When the student is ready, the teacher will disappear.
My unattributed quip will have to do, marking go for these 500 words on Public Domain’s magnum opus “Apparent Horizon,” on view at Eyedrum through July 3.
“Apparent Horizon” is a mature position statement from a trio (Robert Cheatham, Jim Demmers, Chea Prince) mostly well past qualification for 40-under-40 lists and yet, to judge from reaction, still spectacularly unknown.
I have heard no commercial gallerist declare familiarity with the piece.
Familiarity, in turn, is not an easy goal. There are approximately 15 words of explanatory wall text, to situate an exhibition whose subtitle itself, “Deep Time, Surveillance and the De/Reconstitution of the Human Subject,” is more than half that length.
Text is certainly of interest to Public Domain. Cheatham is a longtime experimental publisher—of titles like Close to Impenetrable—and the accompanying catalogue, itself not present in the gallery, is more than 40 pages long.
Still, the installation itself takes place mostly apart from the word. Where there is written text in the pieces themselves, for example, it is deeply buried in a staticky white-on-white presentation, crawling past six words at a time. Rather than defy your reading, PD dares it: as if the texts were somehow illicitly reclaimed from the buffer of an old 8-bit CG-and-titles engine. This letter-generating TV machine, for all we know, might as well have belonged to Bernard Stiegler himself, or else, went missing from pseudo.com sometime in the ’90s.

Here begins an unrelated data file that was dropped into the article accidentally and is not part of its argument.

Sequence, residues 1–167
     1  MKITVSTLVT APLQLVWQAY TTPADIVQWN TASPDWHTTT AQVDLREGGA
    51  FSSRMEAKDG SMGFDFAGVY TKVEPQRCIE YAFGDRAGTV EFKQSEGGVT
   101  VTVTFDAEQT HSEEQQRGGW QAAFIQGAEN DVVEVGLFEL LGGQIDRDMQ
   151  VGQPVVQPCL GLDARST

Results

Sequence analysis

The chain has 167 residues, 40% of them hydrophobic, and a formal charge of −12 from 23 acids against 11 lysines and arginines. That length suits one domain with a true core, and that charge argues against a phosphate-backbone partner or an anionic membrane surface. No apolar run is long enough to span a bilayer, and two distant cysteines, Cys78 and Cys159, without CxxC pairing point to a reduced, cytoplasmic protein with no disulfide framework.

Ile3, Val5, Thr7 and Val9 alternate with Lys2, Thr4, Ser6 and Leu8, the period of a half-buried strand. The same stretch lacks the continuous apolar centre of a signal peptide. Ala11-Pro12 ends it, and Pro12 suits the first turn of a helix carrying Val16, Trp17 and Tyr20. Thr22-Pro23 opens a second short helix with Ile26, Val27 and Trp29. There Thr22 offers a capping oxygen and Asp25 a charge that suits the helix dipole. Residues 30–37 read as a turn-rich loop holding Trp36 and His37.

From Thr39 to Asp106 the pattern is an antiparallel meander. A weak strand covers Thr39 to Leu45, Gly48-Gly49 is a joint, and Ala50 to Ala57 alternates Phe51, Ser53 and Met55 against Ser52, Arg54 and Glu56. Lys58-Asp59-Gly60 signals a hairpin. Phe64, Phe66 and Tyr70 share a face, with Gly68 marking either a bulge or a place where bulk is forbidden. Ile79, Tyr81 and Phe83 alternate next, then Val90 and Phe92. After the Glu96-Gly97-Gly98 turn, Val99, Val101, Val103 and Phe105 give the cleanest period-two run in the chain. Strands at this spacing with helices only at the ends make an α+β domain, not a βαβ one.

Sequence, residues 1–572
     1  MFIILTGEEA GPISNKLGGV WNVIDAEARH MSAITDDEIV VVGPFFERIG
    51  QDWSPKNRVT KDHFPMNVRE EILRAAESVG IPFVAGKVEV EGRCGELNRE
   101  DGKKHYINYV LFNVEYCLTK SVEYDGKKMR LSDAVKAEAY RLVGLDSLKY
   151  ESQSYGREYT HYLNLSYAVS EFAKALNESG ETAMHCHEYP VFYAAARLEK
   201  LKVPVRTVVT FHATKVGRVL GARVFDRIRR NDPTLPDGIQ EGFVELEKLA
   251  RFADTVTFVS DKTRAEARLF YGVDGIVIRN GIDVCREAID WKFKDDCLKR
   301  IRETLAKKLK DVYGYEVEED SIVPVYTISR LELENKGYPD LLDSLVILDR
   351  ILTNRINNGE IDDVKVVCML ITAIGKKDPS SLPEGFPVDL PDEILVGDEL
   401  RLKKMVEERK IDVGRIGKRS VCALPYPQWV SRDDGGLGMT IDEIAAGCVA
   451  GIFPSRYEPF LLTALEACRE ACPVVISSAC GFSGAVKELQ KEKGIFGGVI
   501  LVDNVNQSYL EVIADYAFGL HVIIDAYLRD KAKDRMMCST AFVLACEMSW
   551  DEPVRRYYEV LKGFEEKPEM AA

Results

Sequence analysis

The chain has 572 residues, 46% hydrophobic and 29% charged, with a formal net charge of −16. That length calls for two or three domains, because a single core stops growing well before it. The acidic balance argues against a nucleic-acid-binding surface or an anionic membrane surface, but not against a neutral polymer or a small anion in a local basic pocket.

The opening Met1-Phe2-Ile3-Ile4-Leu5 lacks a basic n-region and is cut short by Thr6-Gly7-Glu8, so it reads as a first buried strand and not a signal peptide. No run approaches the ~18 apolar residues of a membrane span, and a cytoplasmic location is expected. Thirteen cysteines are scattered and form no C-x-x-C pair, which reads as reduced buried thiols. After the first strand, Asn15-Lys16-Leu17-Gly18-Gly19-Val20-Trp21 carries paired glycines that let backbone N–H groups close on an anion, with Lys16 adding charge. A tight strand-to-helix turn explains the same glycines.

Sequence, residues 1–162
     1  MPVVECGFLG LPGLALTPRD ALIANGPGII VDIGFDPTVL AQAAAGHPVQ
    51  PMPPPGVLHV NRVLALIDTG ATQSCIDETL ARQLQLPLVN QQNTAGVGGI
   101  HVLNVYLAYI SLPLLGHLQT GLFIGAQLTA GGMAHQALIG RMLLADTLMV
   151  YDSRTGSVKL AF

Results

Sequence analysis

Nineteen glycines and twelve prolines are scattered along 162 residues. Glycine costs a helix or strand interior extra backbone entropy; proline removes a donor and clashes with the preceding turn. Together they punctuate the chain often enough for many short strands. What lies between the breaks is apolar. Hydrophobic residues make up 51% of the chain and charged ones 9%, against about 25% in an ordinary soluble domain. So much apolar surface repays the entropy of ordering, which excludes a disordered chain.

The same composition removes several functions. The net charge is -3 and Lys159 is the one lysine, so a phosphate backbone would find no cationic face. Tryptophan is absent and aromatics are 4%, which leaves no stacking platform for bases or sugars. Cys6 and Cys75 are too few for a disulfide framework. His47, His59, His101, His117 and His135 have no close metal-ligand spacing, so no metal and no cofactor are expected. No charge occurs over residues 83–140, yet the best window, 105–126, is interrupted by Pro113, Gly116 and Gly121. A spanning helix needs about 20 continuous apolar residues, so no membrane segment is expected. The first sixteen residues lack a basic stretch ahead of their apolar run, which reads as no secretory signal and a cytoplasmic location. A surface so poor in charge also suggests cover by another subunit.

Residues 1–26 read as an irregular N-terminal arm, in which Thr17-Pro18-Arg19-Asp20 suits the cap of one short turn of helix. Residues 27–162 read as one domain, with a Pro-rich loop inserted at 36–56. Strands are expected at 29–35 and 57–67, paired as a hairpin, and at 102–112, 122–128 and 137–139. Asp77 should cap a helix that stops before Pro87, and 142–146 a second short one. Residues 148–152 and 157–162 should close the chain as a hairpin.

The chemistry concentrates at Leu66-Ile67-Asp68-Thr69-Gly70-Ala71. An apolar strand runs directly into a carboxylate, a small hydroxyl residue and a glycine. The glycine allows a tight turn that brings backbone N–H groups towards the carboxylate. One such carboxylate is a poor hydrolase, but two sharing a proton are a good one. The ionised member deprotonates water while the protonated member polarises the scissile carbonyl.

Otherwise text-free, the installation requires seven projectors, three towers (plastic, steel, and stone), two monitors, and one dis-figural sculpture that could easily have crawled from the ear of Pavel Chekov in Star Trek II: Wrath of Khan. Here, the sculpture stands tall as a tall person, in a corner scattered with sand. Beside it are half a dozen stunning light box transparencies, and a dozen paintings in a palette of white and black.
The viewer’s task is to integrate the projections of collapsing glaciers and underwater coral with projections of abandoned steel infrastructure and of yawning canyons – and to integrate all these projections of environment at massive scale with the intimate paintings of eyes set in study, above a tiny horizon of ink, and, with the back and forth millings of a surveilled mass of you and of me. There is a profound sense of loneliness, and perhaps even a bitterness in the work.
Thus to experience all of this together, as if it were some giant, scale-shifting gestamkunstwerk, can be daunting. Sense-making here communes with desperation, and this appears to be the point. “Apparent Horizon” is through and through a meditation on digital and political practice. It is coherent and uniform as a work of thought: a landscape of landscapes only somewhat relieved by abstraction at intimate scale. To find one’s place within it, and discover a means to inhabit the installation, is to court the dystopia that lurks, throughout, in plainest sight.
“Apparent Horizon,” and your efforts to make sense of it – squinting into a whorl of white lettering, abandoned in the depths of TV – can leave you cold if you make sure to dart away. But it could easily make you cry if you let it.
Al Matthews is a sound and video artist based in Atlanta.